As parenterally administered drugs, gene therapy products must undergo the same rigorous safety testing required for protein therapeutics. This includes characterizing the stability of the viral vectors, like those derived from adeno-associated virus (AAV), used to deliver the gene of interest.
Subvisible particles in parenteral drug formulations are regulated by the FDA and their monitoring is required for USP compliance. Formation of subvisible aggregates is a key indicator of stability issues with protein drugs as well as for gene therapy vectors. However, assessing vector particle aggregates in the subvisible range is especially challenging where only limited sample is available.
Subvisible Particle Analysis Shouldn’t Require Milliliters of Precious Sample
A combination of dynamic light scattering (DLS) and size exclusion chromatography (SEC) is usually used to monitor particle formation since aggregates vary significantly in size. However, manufacturing complexities impact the availability of sample for formulation or quality testing, which limits the number and type of analytics that can be performed. Standard methods for subvisible particle measurements such as flow microscopy are impractical as they can consume up to 1 mL of sample.
The Aura™ and Horizon® systems use Backgrounded Membrane Imaging (BMI) technology, an automated form of the USP <788> method of Membrane Microscopy that enables particle counting, sizing, and characterization in low volume, high throughput format.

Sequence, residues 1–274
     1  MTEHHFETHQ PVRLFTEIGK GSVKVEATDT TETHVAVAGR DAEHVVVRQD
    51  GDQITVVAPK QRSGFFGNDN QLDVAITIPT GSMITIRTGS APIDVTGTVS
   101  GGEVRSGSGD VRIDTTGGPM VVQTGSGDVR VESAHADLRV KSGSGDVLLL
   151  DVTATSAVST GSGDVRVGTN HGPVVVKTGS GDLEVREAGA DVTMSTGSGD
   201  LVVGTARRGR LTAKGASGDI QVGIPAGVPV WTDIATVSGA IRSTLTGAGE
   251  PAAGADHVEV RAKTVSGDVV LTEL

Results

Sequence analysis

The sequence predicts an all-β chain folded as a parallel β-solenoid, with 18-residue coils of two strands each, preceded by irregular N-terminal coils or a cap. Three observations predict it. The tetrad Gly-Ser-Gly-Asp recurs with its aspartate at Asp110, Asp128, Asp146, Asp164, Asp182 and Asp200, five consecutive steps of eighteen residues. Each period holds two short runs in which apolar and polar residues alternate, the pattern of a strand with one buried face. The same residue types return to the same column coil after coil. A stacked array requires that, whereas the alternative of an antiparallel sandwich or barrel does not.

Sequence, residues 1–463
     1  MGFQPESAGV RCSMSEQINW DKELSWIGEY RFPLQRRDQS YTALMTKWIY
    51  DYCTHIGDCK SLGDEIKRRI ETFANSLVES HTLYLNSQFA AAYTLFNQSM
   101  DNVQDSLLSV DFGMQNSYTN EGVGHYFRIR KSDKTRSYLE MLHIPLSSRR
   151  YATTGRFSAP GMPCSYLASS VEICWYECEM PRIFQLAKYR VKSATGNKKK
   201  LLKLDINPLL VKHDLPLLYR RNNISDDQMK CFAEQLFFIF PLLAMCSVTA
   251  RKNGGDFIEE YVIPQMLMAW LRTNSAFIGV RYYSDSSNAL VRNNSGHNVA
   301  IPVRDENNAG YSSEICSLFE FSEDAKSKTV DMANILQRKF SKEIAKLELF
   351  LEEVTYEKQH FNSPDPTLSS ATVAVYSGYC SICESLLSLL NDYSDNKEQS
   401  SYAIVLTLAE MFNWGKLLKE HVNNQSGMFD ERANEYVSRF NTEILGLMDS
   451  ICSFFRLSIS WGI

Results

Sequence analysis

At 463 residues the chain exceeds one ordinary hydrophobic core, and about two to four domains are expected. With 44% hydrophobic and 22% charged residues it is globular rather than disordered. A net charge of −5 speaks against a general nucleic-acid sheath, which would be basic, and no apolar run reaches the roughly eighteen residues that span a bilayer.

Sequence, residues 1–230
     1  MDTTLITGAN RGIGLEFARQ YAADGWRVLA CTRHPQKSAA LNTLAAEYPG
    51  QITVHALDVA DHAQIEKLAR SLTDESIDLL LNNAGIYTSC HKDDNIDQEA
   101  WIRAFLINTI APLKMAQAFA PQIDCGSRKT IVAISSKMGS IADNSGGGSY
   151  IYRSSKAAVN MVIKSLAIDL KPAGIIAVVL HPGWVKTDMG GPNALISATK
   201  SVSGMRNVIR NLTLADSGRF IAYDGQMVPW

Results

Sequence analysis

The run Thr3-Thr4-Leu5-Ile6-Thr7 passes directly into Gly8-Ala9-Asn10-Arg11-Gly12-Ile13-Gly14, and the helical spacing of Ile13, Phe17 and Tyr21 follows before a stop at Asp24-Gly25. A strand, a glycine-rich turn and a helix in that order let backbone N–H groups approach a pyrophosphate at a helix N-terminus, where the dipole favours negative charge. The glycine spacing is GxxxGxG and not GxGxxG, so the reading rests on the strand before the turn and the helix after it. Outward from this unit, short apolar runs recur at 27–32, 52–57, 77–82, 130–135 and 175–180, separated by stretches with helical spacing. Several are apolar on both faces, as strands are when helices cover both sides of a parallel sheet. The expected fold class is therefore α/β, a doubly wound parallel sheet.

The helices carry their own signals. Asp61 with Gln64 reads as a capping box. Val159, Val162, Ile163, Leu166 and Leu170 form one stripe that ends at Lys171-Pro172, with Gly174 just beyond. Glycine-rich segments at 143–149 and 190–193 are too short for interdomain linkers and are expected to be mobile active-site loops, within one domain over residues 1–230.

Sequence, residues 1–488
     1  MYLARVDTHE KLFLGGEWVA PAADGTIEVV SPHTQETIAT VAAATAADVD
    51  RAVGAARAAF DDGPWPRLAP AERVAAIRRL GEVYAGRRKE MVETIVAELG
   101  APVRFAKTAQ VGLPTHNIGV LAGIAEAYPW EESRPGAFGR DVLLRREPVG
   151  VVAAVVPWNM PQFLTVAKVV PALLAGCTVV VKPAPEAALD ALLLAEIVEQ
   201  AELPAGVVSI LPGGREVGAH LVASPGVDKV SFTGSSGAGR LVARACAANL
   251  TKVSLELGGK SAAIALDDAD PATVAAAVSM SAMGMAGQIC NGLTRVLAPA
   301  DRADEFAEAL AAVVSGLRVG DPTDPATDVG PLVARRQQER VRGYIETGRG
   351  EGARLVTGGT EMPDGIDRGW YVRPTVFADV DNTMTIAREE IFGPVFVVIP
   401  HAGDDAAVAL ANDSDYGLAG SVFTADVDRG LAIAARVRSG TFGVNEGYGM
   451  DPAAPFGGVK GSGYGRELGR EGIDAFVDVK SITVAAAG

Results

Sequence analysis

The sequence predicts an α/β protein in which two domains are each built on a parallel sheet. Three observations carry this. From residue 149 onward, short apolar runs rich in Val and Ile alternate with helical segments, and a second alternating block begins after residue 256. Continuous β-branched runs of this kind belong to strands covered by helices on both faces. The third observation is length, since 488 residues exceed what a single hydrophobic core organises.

Simple and flexible workflow on the Aura system. As little as 5 µl sample is loaded into wells of a 96-well membrane plate. After vacuum filtration to capture particles on the membrane, the instrument images each well. Total run time is about 1 minute per sample.
Analysis with BMI only requires 5 μL of sample per test,
making detection and characterization of subvisible particles accessible for gene therapy analytics.
Measuring Only in the Sub-Micron Range May Not Give You the Whole Picture
DLS and SEC can miss aggregates in the subvisible range. Large aggregates can be altered or removed in SEC by the column separation mechanism. DLS becomes unreliable when samples become polydisperse or if larger aggregates are present.
mAb samples subjected to mechanical stress show low counts of soluble aggregates as measured by SEC. However, when aggregates in the subvisible range are measured by flow microscopy (FM), the same samples show high aggregate counts. Adapted from Southall, et al. “Particle analysis as a formulation development tool”, Amer. Pharm Rev. (2011).
In other words, subvisible particles can be present even when
smaller aggregates are not detected.
BMI Delivers AAV Aggregate Particle Images, Count, and Size Distribution Information
BMI provides highly resolved particle images, count, and size distribution data. A light scattering feature (SIMI) enables differentiation between protein-containing particles and extrinsic particles such as glass or metal.
Individual AAV aggregate particles > 5 μm, imaged with BMI.
Subvisible Particle Counts Are an Indicator of AAV Stability
Measurement of subvisible particles helps complete the stability picture – which can minimize risk and enable more informed decisions about viral vector formulations and quality assessment. You’ll be able to detect the effects of free-thaw cycles, ionic strength, and different additives to find optimal formulation and storage conditions for your gene therapy product.